Writing and designing content in a thoughtful way makes your app usable, accessible, and readable.

Your written content's voice and tone help you talk to merchants in a consistent, recognizable way.

Voice is a reflection of who you are. It's the aspects of your writing that are consistent across all contexts and audiences.

Tone is like aspects of your personality. It can change based on the audience and their current context.

A mockup of the Puzzlify app with highlighted bits of text.

Voice and tone is important

Expressing your brand through written content shouldn't contradict Shopify's voice and tone. This helps maintain a cohesive experience for merchants.

Shopify's voice reflects that we're a company built by real people who understand the business and care about helping merchants succeed.

These examples illustrate each of Shopify's voice principles.

Be real, but not too tough or overly familiar

“There was an issue processing your payment. A support representative will reach out within 30 minutes to help resolve this issue.”

Be proactive, but not needy or pushy

“You can upload images now, and start building templates when you're ready.”

Be dynamic, but not scattered or impulsive

“Start adding customers to view order history, send personalized communications, and more.”

Guide, but don't handhold or prescribe

“64% of customers look for shipping costs on the product page. Easy-to-find shipping details encourage them to shop with you.”

Shopify adapts our tone to the merchant experience. Here's a few situations where tone can vary.

Shopify's own guidelines are available in the Polaris voice and tone documentation.


“This account has been deactivated. If this is a mistake, contact”


“Based on state requirements, you might need to start collecting sales tax in 2 states.”

Acknowledgement of progress

“You've added new products. Add more products or continue to another task.”

Announcements and updates

“Send customers the right message at the right time. Introducing automation templates.”

The following are some principles behind writing product content for a quality merchant experience.

Various cards of the Puzzlify app showing different types of content.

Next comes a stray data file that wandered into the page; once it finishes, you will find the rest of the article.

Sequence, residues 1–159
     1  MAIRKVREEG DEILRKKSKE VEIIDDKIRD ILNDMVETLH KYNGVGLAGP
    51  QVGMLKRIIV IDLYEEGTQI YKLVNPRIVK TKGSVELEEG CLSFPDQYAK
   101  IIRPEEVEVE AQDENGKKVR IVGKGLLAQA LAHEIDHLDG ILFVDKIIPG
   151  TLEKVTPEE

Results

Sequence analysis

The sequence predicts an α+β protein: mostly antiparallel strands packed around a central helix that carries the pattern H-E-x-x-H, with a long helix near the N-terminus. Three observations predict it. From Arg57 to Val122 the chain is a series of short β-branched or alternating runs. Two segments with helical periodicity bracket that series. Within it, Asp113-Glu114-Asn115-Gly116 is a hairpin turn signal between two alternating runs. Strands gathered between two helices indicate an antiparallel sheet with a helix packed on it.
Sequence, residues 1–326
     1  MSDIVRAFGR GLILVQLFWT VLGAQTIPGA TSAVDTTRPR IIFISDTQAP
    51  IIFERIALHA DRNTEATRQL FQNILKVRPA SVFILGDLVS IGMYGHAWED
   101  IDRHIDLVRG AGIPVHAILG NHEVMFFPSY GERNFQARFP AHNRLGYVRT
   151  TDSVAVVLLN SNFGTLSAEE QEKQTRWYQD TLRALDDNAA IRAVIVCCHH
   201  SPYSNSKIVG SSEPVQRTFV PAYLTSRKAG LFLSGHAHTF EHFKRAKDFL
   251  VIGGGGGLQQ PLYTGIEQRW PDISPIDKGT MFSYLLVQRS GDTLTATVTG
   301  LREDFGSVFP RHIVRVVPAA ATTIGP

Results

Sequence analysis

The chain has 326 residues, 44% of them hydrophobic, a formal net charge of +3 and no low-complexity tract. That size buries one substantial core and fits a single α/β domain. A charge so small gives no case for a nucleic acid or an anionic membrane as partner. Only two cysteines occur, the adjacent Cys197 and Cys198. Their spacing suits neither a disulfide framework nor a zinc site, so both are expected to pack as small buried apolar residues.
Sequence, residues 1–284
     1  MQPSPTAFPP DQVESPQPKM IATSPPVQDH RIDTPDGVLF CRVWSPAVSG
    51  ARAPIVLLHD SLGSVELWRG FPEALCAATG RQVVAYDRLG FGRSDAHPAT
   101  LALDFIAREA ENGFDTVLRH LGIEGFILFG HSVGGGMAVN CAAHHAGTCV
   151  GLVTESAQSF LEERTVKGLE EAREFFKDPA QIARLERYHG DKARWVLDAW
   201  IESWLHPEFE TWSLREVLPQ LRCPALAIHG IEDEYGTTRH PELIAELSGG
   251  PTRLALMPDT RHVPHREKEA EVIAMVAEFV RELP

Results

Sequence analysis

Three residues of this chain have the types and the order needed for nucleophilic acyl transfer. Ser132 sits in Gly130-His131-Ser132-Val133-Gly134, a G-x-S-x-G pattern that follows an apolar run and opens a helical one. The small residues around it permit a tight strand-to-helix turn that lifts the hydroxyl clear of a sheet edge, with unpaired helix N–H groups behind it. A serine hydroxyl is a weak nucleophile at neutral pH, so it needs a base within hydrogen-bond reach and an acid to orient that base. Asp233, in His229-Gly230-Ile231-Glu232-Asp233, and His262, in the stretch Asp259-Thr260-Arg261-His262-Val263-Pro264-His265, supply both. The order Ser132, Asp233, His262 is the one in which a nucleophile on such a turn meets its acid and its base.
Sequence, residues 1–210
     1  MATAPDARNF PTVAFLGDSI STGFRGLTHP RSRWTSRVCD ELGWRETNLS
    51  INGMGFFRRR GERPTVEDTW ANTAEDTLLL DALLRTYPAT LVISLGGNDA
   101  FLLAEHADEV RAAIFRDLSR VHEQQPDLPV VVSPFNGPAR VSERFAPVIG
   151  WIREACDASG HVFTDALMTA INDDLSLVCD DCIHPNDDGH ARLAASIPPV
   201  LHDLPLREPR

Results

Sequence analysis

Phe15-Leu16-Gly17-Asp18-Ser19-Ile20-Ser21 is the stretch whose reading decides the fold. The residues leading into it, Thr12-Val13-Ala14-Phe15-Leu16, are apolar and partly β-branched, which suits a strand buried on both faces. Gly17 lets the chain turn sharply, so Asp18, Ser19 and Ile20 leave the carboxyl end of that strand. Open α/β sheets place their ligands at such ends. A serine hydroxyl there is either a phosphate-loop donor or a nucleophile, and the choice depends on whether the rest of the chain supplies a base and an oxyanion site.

Shopify merchants are located all over the world, have varying levels of literacy, and may not speak English as their first language. Content can easily be mistranslated or misinterpreted.

Structure your content in a clear, efficient way.

A card with a clearly visible heading and bulleted list.


Use headings, bullets, and short sentences to make your content more scannable.
A card with text that's written at a seventh-grade level.


Use clear terms that are easily understood. As a benchmark, aim for a United States grade 7 reading level. You can check reading levels with tools like Hemingway App.
A card that gives the definition of 'Interjamb', which is puzzle industry jargon.


Be careful when using industry jargon and technical terms. Only use them if it helps clarify something for the merchant.
A card with a very long paragraph of text.


Avoid large blocks of text, as it's hard to scan and gather the most important information quickly.
A card with a title that reads 'Beggars can't be choosers'.


Avoid idioms and phrases with indirect or ironic meanings, as they can be misinterpreted or mistranslated.

To help merchants understand key concepts and actions, use terms in a consistent way.

One way to ensure consistency is to identify and eliminate synonyms for key concepts and actions.

A card with consistent use of the words 'upload image'.


Use a single noun, verb, or phrase to describe a specific thing, action, or concept.
The words 'upload images' and 'add photos' used in the same card.


Don't use multiple synonyms to describe a specific thing, action, or concept.

Merchants use Shopify to get things done for their businesses. Write content that helps merchants understand and take the most important actions.

Two buttons with strong calls to action, 'Export templates' and 'Create template'.


For calls to action (CTAs), start with a strong verb that describes the action. Use active voice to clarify the subject and the action.
A numbered list of three tasks to complete.


Prioritize the most important information and tasks. Break complicated tasks into steps that focus on individual actions.

Guide, don't prescribe

Write in a way that puts your merchant at the center and in control. Provide merchants with tools and knowledge for making the best decision.

A card that reads 'Personalized photo puzzles make up 85% of all Puzzlify orders'.


Give merchants enough information to make the right decision on their own.
A warning banner that reads ‘Double your revenue by switching to Puzzlify Pro now'.


Don't oversell or overpromise. This can break trust with customers.

For spelling, punctuation, and other grammatical considerations, refer to the Polaris grammar and mechanics guidelines.

A person holding a magnifying glass over screenshots of the Polaris grammar and mechanics page.
An example of Puzzlify having to refer to itself multiple times. The message says 'Puzzlify detected an issue with your shipment. We've contacted our supplier and will send you updates as we receive them.'


In other parts of the Shopify admin, Shopify will use the pronoun "we" to refer to ourselves, if necessary. To avoid confusing merchants, always first refer to your app or company by its proper name. If additional references are required within the same section of content, then you can use "we."